But it could also lighten the load on your shoulders from packing that wallet!

Despite being a dedicated slr user, I would like to try a Leica RF digital for my interest in 'blurs and suggestions' phase, simply because I think I see value in seeing beyond the edges of my frame in these cases, and it would make it easier to know where the subject is when panning at slow shutter speeds when the mirror flips and loses vision for you...

Rob

petermfiore

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Re: Which camera to choose for B&W digital?
« Reply #53 on: June 04, 2016, 04:17:41 PM »


But it could also lighten the load on your shoulders from packing that wallet!

Despite being a dedicated slr user, I would like to try a Leica RF digital for my interest in 'blurs and suggestions' phase, simply because I think I see value in seeing beyond the edges of my frame in these cases, and it would make it easier to know where the subject is when panning at slow shutter speeds when the mirror flips and loses vision for you...

Rob

Hi Rob,
In my youth I learned to shoot with both eyes open for that very reason. I found being right eye dominant this worked well for me...

Peter
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jerryrock

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Re: Which camera to choose for B&W digital?
« Reply #54 on: June 13, 2016, 11:11:55 AM »

I'm surprised no one has mentioned the FujiFilm X-Pro2 with the 24 megapixel APS-C X-Trans sensor (non-bayer array and no anti-aliasing filter) This camera has a hybrid viewfinder (optical & electronic that will display in black and white with Fuji's Acros B&W film simulations. The simulations are available in standard, yellow red or green filters in camera or in Adobe Camera RAW. You can link the EVF to exposure simulation or turn it off for low light scenes. The camera even has added film grain available to further simulate B&W film.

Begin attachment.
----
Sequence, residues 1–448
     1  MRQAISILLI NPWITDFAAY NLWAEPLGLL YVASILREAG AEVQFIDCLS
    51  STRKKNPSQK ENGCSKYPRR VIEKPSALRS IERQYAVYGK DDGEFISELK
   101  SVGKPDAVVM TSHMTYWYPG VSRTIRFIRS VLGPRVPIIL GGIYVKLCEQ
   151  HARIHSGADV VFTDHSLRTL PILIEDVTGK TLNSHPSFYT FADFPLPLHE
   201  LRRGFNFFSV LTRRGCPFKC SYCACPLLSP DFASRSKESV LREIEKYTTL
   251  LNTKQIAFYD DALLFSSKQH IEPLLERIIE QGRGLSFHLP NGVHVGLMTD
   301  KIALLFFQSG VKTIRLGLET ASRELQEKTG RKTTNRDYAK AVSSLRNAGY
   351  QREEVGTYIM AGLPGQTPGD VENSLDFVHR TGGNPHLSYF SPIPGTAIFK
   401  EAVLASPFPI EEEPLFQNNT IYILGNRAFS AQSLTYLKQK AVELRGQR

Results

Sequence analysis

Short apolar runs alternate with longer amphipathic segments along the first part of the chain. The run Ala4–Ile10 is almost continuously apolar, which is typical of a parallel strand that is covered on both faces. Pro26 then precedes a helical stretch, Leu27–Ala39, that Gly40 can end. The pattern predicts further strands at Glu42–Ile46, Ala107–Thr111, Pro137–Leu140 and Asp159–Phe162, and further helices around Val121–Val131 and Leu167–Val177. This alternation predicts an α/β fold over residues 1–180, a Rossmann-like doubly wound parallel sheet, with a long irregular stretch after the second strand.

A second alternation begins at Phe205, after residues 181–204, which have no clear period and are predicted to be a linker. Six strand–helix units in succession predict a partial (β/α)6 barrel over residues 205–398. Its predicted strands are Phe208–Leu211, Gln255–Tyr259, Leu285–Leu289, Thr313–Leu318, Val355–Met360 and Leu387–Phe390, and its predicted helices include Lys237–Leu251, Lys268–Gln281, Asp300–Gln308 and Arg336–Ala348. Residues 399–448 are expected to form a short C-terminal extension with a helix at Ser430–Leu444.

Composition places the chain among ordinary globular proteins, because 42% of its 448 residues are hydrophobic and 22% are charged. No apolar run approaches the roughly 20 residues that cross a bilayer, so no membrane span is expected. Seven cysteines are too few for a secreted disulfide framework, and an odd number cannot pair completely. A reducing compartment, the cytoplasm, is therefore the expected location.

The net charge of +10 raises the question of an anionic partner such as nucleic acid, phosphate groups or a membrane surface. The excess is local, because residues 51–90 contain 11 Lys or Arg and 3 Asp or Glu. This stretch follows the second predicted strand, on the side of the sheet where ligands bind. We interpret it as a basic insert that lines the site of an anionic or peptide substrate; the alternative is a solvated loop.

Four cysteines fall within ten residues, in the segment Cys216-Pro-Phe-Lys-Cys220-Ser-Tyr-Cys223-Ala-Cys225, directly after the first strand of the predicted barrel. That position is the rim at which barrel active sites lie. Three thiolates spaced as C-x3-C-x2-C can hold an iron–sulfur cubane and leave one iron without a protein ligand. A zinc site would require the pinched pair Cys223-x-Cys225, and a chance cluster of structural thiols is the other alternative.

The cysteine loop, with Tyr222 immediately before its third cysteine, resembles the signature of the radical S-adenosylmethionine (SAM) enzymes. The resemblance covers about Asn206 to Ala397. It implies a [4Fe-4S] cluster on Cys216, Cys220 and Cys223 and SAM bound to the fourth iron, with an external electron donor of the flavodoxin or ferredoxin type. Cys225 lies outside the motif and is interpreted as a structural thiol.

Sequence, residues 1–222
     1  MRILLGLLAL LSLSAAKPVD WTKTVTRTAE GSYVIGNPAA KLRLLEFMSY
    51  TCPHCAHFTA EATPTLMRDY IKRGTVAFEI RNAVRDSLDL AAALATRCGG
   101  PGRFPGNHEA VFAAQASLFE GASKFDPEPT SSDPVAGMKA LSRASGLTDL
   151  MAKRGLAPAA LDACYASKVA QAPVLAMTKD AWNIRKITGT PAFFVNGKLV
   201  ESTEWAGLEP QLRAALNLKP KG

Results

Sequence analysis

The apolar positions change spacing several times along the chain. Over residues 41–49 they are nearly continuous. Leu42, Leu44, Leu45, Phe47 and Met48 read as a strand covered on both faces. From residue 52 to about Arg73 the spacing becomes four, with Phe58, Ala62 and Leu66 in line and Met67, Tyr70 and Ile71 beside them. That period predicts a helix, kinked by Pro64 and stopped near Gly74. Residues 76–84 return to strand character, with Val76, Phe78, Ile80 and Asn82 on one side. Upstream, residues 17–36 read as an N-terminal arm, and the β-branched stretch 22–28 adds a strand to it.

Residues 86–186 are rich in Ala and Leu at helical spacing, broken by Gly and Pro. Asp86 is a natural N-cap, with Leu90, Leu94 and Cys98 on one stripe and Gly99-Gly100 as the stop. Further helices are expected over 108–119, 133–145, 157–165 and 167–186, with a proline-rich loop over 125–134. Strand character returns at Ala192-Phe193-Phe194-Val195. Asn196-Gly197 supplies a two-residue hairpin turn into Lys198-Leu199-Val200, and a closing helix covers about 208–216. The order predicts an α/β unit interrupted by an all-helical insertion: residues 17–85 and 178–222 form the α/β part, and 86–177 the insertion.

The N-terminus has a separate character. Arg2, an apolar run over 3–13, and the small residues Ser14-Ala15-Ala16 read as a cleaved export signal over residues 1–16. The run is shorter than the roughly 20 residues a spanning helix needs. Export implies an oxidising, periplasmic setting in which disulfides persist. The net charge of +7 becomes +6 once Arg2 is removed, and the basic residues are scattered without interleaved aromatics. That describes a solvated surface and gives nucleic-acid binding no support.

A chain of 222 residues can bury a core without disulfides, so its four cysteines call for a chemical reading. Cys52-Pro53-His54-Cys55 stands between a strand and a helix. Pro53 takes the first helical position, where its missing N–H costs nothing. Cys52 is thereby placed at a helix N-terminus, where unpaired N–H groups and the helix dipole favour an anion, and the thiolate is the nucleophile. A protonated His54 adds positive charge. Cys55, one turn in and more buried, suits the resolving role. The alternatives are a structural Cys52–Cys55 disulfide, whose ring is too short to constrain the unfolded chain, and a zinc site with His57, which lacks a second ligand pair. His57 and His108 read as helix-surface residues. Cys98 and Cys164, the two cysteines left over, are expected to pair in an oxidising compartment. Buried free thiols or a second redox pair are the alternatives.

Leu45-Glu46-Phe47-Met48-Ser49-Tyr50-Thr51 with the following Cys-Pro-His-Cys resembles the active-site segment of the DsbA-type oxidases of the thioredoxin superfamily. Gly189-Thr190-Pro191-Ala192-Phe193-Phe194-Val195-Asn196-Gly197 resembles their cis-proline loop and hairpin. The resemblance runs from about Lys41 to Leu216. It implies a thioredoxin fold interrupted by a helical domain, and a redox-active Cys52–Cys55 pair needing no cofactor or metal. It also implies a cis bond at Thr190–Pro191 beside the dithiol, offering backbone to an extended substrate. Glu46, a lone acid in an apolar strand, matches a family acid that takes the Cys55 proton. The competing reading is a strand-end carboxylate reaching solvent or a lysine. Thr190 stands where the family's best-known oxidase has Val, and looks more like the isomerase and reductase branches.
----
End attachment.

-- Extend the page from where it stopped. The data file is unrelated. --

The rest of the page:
The camera also offers focus peaking assist and split screen focus.
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hermankrieger

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Re: Which camera to choose for B&W digital?
« Reply #55 on: August 23, 2016, 12:49:15 PM »

I go to digital black and white via a rollfilm camera and scanner.
Photo Essays in Black and White-
www.efn.org/~hkrieger
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N80

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Re: Which camera to choose for B&W digital?
« Reply #56 on: August 24, 2016, 07:13:06 PM »

I go to digital black and white via a rollfilm camera and scanner.
Photo Essays in Black and White-
www.efn.org/~hkrieger

I used to do the same. Processed the film at home. Scanned it at home. Printed it at home. I enjoyed the process and enjoyed using my older cameras. But the success rate/dollar was pretty low and it was a lot of work. I have not done it in years. I have no chemicals or tanks anymore but might try it again someday. I have a few rolls of Ilford Pan F Plus that are still fresh.

As far as a dedicated B&W digital camera, I cannot imagine the need or paying for one. It seems to me the only thing you'd really need to look for in a digital body for B&W is how broad the Dmax is and maybe how well it does in low light (if you needed that sort of thing).

As far as Ansel Adams recommendation to view through a Wratten filter to visualize in B&W I think it can help. But honestly, when I'm committed to producing a B&W print and shooting often I begin to 'see' in B&W anyway. Not a special skill, I imagine it is true for anyone who shoots in B&W a lot.
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George